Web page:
Lost in roaming revenues telcos compensate with more massive consumption

Since this summer, the rates that customers pay for a call, for browsing or for connecting to Internet is the same outside and inside their country

The European Union put an end last June 15 to roaming – the hated extra cost, charged by telecommunications operators to their customers for calls, messages and, above all, the data connection they made in other country. There is no additional cost for travel in Europe for users.

Telecommunications companies do continue to pay each other when their customers use another operator’s network during the trip, but the EU has drastically reduced the maximum price they can set for this wholesale service.

READ MORE: EU mobile data ‘quadruples’ since roaming charges banned in June

Faced with this new scenario, the Spanish big telcos feared the worst. The position of Spain as a global power of tourism, as a major recipient of international tourists, made the Spanish operators the biggest losers of the end of roaming, as they would serve millions of foreign tourists but at prices much lower than those in previous years.

However, during this summer the Spanish subsidiaries of the big telcos have seen how they have overcome the impact of the end of the charge for roaming thanks to the greater number of international tourists arriving in Spain and because the consumption of mobile data has skyrocketed in this first summer without roaming. Companies charge less to each customer, but there are many more customers and they use their phone a lot more.

The large telcos have noted the exorbitant increase in data consumption this summer. Orange already announced a couple of months ago that the data traffic of foreign travelers in its Spanish network shot up about 400% during the summer. And Telefónica and Vodafone confirm that the consumption of data from foreign customers has more than tripled since the end of roaming.

And this increased consumption is what has made the blow has been compensated.

“European tourists who come to Spain benefit from the fact that interconnection is cheaper, which causes our revenues to fall. But they are many more customers and spend much more, “explains Vodafone Spain CEO Antonio Coimbra. “In the end, the effect on our accounts is practically neutral”, given that the payments for Spanish clients traveling abroad are also lower now.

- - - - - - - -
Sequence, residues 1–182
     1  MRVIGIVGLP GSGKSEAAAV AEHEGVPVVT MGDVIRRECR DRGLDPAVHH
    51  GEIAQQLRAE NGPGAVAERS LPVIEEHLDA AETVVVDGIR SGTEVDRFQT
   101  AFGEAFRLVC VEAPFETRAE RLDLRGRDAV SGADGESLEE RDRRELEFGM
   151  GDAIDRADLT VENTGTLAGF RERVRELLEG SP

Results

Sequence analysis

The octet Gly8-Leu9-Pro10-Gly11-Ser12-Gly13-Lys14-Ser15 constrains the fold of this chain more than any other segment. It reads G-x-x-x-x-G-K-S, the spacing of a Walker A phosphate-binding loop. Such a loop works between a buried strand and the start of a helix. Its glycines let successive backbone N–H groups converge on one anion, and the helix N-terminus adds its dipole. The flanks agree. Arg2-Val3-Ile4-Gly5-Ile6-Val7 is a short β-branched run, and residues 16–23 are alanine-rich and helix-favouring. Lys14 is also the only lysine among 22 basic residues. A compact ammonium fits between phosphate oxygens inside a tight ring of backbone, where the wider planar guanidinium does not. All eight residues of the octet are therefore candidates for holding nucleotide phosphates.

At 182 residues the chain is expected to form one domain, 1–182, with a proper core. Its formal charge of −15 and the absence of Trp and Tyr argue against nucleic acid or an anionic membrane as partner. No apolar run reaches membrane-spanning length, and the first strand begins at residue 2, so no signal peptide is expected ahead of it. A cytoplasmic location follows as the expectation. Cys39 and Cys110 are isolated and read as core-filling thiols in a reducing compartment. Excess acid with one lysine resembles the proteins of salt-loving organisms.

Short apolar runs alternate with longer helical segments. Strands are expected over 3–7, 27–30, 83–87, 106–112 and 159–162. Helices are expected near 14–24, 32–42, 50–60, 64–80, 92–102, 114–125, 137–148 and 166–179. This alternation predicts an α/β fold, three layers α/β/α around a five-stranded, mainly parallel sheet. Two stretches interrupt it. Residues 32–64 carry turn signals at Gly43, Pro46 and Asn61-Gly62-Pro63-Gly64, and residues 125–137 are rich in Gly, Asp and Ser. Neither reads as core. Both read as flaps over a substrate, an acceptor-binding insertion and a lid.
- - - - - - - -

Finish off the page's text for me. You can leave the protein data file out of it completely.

Orange, the Spanish subsidiary of the French group confirms that its retail expenses (payments for the use of networks of its customers in another European country) have fallen, and wholesale revenues (which it charges other European telcos for giving up their network to tourists who come to Spain) have been triggered by the strong increase in the use of mobile internet data.

For its part, Telefónica has estimated the negative net impact of the end of roaming on its accounts for the third quarter of the year at 70 million euros. But for the group’s CEO, Angel Vilá, that effect on both income and gross operating profit (EBITDA) has been positive in the case of Spain and negative for its subsidiaries in Germany and the United Kingdom.

Millions invested in networks
Telefónica, Vodafone, Orange and MásMóvil have been forced to strengthen their networks to withstand the expected increase in traffic, especially in the most tourist areas. Orange has invested so far this year 35 million euros to expand the capacity in its network stations (21.4 million were allocated specifically to locations of special tourist influx).

The rest of the operators have not disclosed the amount of the investments made to guarantee the good functioning of their connections, but all confirm that they have had to make an additional effort. “‘In order to face the end of roaming, investments have been made in specific tourist areas and due to the greater use in summer,” says Coimbra, from Vodafone. “But they are investments in very small networks compared to the total investment we have been running to support the strong increase in data consumption of our customers in general.” 

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